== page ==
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Friday, June 24, 2011

Number 196: Robert Louis Stevenson "Summer Sun"

Summer Sun

Great is the sun, and wide he goes
Through empty heaven with repose:
And in the blue and glowing days
More thick than rain he showers his rays.

Though closer still the blinds we pull
To keep the shady parlour cool,
Yet he will find a chink or two
To slip his golden fingers through.

The dusty attic spider-clad
He, through the keyhole, maketh glad;
And through the broken edge of tiles
Into the laddered hay-loft smiles.

Meantime his golden face around
He bares to all the garden ground,
And sheds a warm and glittering look
Among the ivy's inmost nook.

Above the hills, along the blue,
Round the bright air with footing true,
To please the child, to paint the rose,
The gardener of the World, he goes.

-- Robert Louis Stevenson

Hap Notes: I love this charming poem of Stevenson's but, in all honesty, I posted it because it's my birthday and it's an enchanting thought for the day. Also, my hands are already sticky from eating so much cold watermelon for breakfast because on my birthday, if I can afford it, I only eat what I really love. One birthday I ate a whole jar of maraschino cherries for breakfast – probably not my best idea ever.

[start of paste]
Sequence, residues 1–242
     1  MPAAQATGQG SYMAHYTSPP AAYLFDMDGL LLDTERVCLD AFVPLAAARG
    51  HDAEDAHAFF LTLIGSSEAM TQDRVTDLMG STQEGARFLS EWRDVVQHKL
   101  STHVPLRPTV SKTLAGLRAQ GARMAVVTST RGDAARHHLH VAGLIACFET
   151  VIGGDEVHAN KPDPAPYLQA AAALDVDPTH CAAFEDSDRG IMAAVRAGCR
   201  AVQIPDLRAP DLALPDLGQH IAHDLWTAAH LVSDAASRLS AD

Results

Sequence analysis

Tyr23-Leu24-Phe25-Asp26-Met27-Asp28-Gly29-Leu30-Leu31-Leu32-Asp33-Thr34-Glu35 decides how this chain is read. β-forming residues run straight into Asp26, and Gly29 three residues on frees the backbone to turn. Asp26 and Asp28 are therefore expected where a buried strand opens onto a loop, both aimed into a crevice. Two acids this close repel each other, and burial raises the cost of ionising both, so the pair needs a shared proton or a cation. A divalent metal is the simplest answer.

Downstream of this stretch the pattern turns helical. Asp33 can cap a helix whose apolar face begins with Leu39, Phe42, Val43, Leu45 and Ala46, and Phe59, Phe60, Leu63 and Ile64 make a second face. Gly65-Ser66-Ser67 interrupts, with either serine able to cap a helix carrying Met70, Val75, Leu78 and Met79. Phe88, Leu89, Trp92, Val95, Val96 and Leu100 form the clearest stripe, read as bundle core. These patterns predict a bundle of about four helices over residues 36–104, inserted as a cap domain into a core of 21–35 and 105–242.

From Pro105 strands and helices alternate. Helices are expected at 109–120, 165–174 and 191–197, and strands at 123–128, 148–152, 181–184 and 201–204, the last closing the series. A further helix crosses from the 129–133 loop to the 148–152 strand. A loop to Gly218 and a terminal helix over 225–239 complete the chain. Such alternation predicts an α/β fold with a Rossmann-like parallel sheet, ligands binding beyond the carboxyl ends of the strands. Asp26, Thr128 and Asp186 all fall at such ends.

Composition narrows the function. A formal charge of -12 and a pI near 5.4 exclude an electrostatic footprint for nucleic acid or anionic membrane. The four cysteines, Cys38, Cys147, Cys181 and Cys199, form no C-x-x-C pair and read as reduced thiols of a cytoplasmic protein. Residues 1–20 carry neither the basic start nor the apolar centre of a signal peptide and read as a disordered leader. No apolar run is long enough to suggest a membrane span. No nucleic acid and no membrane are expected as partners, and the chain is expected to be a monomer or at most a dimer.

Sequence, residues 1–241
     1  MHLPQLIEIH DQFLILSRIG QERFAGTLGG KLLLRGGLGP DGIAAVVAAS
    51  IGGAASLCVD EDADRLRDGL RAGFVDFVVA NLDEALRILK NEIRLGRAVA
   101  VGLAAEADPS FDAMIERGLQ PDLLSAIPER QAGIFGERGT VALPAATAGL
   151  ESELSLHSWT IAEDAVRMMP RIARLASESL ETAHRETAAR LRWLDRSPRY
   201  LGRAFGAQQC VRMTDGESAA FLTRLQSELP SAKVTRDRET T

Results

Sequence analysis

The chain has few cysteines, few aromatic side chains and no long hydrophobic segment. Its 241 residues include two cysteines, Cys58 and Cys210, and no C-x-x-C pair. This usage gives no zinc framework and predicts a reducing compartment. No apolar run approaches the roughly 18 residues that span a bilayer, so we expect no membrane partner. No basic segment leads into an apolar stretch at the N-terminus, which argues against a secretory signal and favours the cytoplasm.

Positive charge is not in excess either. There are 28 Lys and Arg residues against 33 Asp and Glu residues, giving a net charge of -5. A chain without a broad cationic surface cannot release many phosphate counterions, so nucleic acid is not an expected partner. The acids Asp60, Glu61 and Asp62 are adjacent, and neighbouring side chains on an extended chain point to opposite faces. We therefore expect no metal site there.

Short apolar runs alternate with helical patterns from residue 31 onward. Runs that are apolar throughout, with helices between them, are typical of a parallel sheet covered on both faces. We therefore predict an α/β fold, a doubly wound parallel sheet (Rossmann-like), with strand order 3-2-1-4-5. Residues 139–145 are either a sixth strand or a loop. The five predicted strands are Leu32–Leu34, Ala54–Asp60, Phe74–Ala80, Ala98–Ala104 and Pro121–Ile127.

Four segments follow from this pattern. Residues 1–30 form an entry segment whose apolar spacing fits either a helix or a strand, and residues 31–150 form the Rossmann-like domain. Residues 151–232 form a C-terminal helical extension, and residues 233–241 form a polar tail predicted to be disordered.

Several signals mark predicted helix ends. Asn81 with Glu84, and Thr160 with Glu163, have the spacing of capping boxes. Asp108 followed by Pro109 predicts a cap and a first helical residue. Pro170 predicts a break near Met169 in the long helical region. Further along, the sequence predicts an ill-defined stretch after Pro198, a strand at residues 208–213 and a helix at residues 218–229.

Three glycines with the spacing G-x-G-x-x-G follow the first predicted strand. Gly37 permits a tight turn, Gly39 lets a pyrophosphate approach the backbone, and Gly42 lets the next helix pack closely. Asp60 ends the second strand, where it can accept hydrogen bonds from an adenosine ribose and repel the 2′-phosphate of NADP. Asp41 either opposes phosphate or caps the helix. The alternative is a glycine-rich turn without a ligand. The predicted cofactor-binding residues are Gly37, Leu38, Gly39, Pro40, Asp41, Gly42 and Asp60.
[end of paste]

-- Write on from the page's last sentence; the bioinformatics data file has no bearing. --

I hope the summer sun is shining on you today and if it is not, there's always this Stevenson poem to shine on you instead.

Here's where we have talked about Stevenson before:

The Renoir in the masthead is a particular favorite of mine. It's at the Phillips Collection in Washington D.C. and it's so awesome in person you have to sit down for a minute to catch your breath. Up close it's a tangled marvel, far away, the glassware sparkles in the sun. Here's the whole painting and an explanation of who's who in the picture:

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